The Institute for Research in Biomedicine has gained an international reputation as a leading center of excellence in immunology research. In addition to immunology, the institute hosts researchers active in the fields of DNA repair, rare diseases, structural and cell biology.
IRB group leaders have established an effective network of collaborations with leading institutions all over the world. Consequently, researchers from all over the world have joined the IRB to establish their own laboratories or to perform their training.
Some IRB researchers are among the most cited scientists in the world, they are awarded some of the most prestigious prizes and are members of the most prestigious National Academies of Sciences in the world. The IRB hosted 5 European Research Council (ERC) grants.
Currently 13 groups occupy two facilities in Bellinzona employing 125 people, and more than 700 papers have been published in leading academic journals.
A vibrant doctoral (PhD) program at the IRB allows students enrolled in universities around the world to carry out their thesis in one of the IRB research groups. The program also includes lecture series of world-renowned scientists. So far, 103 IRB students have successfully defended their thesis and obtained excellent positions in leading institutions all over the world.
Since 2009, the IRB is affiliated to the Università della Svizzera italiana (USI) and is now fully part of the newly created Faculty of Biomedical Sciences, which is currently setting up a Master of Medicine.
The constant growth of these research activities has regularly forced the IRB to search for additional spaces, forcing to locate laboratories in separate buildings in the centre of Bellinzona, due to lack of space in the main building. This had foster the construction of a new building, which will host all researchers in a single location, and that should be effective by 2021.
The IRB was founded in 2000 with the goal of advancing the study of human immunology and with particular emphasis on the mechanisms of host defense. Four independent groups set up their labs in Palazzo Fabrizia, at the foot of Castelgrande.
For 20 years, the Institute has been led by Prof. Antonio Lanzavecchia, founding Director of the IRB. Lanzavecchia’s contributions to human immunology include fundamental discoveries on antigen presentation, T cell activation, immunological memory and human monoclonal antibodies. His accomplishments were recognized by several prizes (1988 EMBO Gold Medal, 1999 Cloetta Prize, 2017 Robert Koch Prize, 2017 Sanofi-Institut Pasteur Award, 2018 Louis-Jeantet Prize for Medicine) and elected memberships (EMBO, Swiss Academy of Medical Sciences, US National Academy of Sciences). The methods to isolate human monoclonal antibodies that were developed in his laboratory at the IRB were licensed to Humabs, a Swiss antibody therapeutics company that is now a subsidiary of Vir Biotechnology. Some of the human monoclonal antibodies that were discovered at the IRB are being developed as therapeutics against important infectious diseases, such as Ebola.
The IRB is a founding member of the Swiss Vaccine Research Institute (SVRI) and the Sclavo Vaccine Association (SVA). The SVRI comprises the Federal Polytechnic Institute of Lausanne (EPFL), the Ludwig Institute for Cancer Research, the Centre Hospitalier Universitaire Vaudois, and the University of Lausanne, while the SVA involves 12 institutions from 6 Countries (https://www.sclavo.org). In 2009, the IRB signed a memorandum of understanding with the Polytechnic Institute of Zurich (ETHZ) and in 2010 it was affiliated to the Università della Svizzera italiana (USI). At USI, the IRB contributed to the establishment of the Faculty of Biomedical Sciences and to the creation of the PhD program (doctoral school) in Immunology and Cell Biology.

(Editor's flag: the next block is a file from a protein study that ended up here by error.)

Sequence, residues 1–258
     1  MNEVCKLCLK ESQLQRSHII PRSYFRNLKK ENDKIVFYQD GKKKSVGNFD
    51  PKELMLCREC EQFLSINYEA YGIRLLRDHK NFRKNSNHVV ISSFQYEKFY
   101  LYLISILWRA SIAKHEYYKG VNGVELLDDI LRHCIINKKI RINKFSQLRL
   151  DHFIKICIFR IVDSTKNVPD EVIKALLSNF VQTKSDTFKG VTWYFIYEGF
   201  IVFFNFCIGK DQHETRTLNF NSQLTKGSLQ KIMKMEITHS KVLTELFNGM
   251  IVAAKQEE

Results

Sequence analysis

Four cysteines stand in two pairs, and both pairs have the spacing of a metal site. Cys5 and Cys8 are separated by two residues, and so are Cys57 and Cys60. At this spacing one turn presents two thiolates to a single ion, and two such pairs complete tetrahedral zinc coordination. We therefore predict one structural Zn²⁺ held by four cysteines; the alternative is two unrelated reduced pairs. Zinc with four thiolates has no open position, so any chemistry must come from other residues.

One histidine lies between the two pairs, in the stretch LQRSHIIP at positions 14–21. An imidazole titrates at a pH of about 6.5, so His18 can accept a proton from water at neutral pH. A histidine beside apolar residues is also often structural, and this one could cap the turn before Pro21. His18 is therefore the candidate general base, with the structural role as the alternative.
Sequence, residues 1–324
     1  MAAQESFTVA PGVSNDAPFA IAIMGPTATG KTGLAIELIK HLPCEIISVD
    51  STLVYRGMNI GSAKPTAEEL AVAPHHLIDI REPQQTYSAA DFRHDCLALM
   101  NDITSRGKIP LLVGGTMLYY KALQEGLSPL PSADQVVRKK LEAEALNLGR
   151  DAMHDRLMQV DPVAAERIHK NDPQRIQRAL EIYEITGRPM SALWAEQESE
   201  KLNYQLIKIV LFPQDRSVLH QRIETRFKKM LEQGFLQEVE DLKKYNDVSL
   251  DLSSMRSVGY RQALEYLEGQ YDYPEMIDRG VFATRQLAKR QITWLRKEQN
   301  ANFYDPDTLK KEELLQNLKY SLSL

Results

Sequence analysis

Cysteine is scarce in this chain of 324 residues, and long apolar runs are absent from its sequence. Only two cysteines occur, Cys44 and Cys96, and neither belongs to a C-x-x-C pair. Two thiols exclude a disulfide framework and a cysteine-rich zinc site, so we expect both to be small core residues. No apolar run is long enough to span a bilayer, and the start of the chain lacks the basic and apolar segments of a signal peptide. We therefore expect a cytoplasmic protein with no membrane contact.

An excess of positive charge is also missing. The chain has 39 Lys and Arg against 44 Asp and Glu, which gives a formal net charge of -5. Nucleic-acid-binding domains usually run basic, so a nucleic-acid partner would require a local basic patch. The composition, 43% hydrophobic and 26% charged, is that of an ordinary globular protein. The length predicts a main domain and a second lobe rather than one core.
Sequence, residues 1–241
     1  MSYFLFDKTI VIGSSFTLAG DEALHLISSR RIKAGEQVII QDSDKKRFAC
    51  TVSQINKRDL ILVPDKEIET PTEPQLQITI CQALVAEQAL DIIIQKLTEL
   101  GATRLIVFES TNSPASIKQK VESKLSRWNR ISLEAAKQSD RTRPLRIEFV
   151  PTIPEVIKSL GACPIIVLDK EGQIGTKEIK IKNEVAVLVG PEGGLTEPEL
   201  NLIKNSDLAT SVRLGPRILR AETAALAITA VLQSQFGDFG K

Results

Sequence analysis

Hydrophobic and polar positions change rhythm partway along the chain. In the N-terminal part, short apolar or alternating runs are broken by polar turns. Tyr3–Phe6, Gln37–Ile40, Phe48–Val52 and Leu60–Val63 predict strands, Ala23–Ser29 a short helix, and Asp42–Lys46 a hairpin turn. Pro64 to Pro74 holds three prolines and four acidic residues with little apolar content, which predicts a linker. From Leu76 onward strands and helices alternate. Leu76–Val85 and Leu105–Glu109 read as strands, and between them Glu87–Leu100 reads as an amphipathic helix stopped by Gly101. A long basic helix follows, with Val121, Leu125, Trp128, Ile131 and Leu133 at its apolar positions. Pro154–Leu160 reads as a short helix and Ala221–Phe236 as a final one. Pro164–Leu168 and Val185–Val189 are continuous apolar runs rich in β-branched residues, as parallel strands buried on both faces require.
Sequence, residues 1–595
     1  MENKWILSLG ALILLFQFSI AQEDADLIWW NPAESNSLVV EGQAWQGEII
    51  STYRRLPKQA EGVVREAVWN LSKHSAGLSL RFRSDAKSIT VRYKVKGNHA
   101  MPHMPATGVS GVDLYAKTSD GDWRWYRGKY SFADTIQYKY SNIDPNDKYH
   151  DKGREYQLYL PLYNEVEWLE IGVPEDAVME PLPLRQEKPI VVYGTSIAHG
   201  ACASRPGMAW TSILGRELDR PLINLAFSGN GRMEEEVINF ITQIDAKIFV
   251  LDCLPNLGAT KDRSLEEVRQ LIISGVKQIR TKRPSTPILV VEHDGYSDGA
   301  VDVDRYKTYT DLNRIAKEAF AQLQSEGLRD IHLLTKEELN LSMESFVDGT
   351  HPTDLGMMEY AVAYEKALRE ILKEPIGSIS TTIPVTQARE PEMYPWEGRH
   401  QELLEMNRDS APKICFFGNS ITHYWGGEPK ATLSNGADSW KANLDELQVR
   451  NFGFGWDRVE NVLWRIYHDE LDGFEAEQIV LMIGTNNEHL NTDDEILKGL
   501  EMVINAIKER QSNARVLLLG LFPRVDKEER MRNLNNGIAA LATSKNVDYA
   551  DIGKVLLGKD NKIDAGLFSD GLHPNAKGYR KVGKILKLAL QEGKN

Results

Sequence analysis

Director of the Institute
A native of Ticino, Davide Robbiani obtained a medical doctorate from the University of Bern, Switzerland, in 2000 and a PhD in immunology from Cornell University, New York, in 2005. During his medical training, he was a research intern at the Theodor Kocher Institute under the guidance of Marco Baggiolini and at the Rockefeller University in Ralph Steinman’s laboratory. Robbiani returned to Rockefeller in 2005 to start his postdoctoral training in Michel Nussenzweig’s laboratory, where he continued as a member of the faculty from 2009 to 2020. Robbiani’s research focuses on two areas of human immunology: the sources of DNA damage underlying the development of cancers of the immune system and the immune response to emerging pathogens, with emphasis on flaviviruses and coronaviruses. Robbiani joined the IRB in 2020, succeeding the Institute’s founding Director, Antonio Lanzavecchia. At the IRB Robbiani heads the laboratory of Immunology and Infectious Disease and he is Professor in the Faculty of Biomedical Sciences of the Università della Svizzera italiana (USI).
Research Group: Immunology and Infectious Disease
IRB Foundation Council
The Foundation Council is the governing body of the Institute. It oversees all activities of the IRB, defines the structure and organization of the institute, and nominates the members of the Scientific Advisory Board. The Foundation Council approves the scientific direction and appoints the Director, the Vice-Director, the group leaders and associate members.
* Member of the Executive Committee
first President of the IRB, is Honorary President of the IRB Foundation
Scientific Advisory Board